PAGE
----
Kevin Durant plays in the NBA and you don’t because Kevin Durant is better at playing basketball than you are. If you radically improved your basketball skills, your chances of getting hired by an NBA team would skyrocket. But it doesn’t follow from this that if every American improved his basketball skills by 10 percent that we’d have 10 percent more NBA players. And even if an increase in the skill level did induce the NBA to expand, it really doesn’t follow that we’d have more employment overall. A new franchise in Kansas City might simply put downward pressure on other Kansas City entertainment options.
I think I see a lot of this same kind of reasoning involved in the European establishment’s thinking. The idea seems to be that if economic restructuring in Estonia has allowed Estonia to capture a larger share of the EU market and lead to output growth in Estonia, that everyone needs to “go Estonian” and their problems will be solved. But that’s not right. Kevin Durant is competing against other people for a finite number of NBA jobs. European countries undergoing “internal devaluation” are competing against other countries for a finite pool of European demand. That one country can succeed by doing internal devaluation or other restructuring faster than other countries doesn’t tell us anything about what would happen if everyone went faster down this path. Now if I could wave a wand and make everyone 10 percent better at basketball I’d do it. It seems like there would be benefits and no discernible downside. I give a hearty thumbs up to people who think the Italian economy is saddled by crazy rules (look up their pharmacy regulations sometime) that should be changed. But in a world of excess capacity, it’s odd to think of improving efficiency as an alternative to providing adequate demand.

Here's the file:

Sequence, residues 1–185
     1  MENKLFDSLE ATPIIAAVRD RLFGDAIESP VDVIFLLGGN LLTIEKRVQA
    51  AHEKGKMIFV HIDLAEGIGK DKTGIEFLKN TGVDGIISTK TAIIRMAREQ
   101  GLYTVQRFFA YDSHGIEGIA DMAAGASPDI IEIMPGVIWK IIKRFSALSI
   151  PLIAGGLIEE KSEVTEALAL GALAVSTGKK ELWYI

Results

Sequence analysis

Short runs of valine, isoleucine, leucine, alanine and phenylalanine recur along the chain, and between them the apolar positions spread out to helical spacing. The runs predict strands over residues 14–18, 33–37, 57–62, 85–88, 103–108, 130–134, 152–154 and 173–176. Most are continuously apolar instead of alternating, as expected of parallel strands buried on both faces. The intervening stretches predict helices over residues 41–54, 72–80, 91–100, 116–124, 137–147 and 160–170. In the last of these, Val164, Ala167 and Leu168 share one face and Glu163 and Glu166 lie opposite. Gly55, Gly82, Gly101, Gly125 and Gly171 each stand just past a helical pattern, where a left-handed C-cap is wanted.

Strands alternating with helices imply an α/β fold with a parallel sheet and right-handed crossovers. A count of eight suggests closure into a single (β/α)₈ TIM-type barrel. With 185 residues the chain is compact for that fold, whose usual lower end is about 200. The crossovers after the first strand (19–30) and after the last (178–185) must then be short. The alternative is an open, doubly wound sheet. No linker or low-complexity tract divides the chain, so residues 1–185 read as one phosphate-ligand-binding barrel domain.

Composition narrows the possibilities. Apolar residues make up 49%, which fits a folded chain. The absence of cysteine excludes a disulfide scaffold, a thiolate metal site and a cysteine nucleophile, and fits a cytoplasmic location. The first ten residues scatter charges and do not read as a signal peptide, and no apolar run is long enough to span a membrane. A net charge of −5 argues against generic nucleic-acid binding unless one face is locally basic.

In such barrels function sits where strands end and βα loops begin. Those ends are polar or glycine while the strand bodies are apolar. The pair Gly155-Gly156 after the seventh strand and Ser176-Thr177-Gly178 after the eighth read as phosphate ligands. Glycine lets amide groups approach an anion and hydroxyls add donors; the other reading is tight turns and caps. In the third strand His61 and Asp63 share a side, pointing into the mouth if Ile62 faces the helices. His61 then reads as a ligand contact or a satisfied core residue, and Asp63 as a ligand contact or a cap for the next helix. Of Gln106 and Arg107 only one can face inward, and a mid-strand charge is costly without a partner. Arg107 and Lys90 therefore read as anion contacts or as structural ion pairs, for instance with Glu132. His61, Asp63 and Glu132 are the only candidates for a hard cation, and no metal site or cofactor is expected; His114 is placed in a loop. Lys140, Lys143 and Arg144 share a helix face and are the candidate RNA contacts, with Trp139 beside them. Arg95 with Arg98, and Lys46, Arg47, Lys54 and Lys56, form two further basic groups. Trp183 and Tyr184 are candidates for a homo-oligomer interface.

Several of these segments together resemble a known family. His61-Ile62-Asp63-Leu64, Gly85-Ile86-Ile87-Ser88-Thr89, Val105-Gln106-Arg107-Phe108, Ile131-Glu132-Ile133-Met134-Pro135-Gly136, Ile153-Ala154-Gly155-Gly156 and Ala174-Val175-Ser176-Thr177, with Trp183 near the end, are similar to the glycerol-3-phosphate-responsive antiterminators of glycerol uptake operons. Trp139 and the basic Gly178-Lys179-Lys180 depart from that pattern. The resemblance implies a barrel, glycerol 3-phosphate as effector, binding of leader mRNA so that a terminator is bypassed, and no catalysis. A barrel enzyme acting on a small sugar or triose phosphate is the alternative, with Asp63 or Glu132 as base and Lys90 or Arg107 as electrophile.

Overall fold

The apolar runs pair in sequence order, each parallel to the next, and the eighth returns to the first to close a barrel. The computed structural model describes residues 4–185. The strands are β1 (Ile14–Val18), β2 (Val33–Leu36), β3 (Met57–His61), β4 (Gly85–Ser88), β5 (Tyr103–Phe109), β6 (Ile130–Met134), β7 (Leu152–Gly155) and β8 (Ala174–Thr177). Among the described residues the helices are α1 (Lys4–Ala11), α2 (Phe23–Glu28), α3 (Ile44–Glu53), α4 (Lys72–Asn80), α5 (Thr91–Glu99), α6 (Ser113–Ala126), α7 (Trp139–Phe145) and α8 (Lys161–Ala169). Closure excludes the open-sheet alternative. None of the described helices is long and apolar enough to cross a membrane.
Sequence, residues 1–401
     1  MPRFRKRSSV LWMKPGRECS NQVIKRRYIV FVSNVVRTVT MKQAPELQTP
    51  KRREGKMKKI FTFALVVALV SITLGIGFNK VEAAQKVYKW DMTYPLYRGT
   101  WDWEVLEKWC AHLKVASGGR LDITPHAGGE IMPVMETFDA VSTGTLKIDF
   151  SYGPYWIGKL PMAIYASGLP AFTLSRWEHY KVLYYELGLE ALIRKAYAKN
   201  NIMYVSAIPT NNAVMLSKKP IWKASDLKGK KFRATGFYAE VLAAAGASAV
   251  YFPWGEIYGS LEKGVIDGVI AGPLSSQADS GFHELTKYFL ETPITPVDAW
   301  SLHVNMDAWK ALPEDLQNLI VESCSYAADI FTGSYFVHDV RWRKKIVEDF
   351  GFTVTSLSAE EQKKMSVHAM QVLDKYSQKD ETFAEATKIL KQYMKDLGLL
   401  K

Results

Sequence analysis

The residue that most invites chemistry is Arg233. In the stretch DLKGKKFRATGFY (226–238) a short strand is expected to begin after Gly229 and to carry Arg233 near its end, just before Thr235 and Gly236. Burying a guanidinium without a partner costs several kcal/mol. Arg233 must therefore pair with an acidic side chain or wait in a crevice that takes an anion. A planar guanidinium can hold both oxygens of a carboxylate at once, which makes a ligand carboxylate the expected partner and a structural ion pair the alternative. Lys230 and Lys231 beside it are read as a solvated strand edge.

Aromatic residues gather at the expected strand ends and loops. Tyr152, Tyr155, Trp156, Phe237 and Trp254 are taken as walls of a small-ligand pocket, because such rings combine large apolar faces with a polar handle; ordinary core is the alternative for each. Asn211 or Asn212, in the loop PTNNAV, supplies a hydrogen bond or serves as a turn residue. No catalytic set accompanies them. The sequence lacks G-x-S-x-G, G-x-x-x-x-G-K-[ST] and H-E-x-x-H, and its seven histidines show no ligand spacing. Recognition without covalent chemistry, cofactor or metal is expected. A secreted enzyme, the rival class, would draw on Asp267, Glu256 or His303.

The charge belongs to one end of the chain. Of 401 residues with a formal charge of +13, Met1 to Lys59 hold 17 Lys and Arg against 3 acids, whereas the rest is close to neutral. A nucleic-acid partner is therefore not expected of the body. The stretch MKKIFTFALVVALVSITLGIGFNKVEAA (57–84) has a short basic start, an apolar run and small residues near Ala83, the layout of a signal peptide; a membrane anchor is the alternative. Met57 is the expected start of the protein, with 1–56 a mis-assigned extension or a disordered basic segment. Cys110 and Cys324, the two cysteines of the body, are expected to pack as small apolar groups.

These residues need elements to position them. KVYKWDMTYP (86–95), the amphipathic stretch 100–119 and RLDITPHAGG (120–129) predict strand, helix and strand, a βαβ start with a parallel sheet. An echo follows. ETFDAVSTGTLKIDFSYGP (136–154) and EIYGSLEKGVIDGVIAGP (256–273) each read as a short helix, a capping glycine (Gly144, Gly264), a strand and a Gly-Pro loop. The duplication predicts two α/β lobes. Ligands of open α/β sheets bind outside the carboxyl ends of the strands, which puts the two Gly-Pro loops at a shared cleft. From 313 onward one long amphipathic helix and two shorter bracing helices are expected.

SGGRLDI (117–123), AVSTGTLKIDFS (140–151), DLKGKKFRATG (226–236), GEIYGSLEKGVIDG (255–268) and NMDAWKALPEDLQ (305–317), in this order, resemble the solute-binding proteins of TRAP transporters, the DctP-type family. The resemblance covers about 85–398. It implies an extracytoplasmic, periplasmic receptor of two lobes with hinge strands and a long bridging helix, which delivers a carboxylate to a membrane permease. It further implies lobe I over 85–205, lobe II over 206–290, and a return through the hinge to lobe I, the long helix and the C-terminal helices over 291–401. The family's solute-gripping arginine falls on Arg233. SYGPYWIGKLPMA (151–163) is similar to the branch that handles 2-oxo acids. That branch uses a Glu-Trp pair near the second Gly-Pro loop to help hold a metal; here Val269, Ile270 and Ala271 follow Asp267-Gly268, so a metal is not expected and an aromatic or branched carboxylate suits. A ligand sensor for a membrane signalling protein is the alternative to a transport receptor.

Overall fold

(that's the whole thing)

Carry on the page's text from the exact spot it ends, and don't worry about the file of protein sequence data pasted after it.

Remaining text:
I sometimes think macroeconomic policymakers are in the grips of a theory that goes like this: Voters will never swallow pro-growth structural reforms as long as they’re fat & happy, so we need to keep our boot on their necks until they relent. Not only is this ethically odd, I know of no empirical support for the view that it works, and it doesn’t really make any sense. The case, on the merits, for efficiency enhancing reform gets much stronger when you don’t have excess capacity. Mass unemployment makes every labor-saving innovation look like a job-killer instead of an output-enhancer.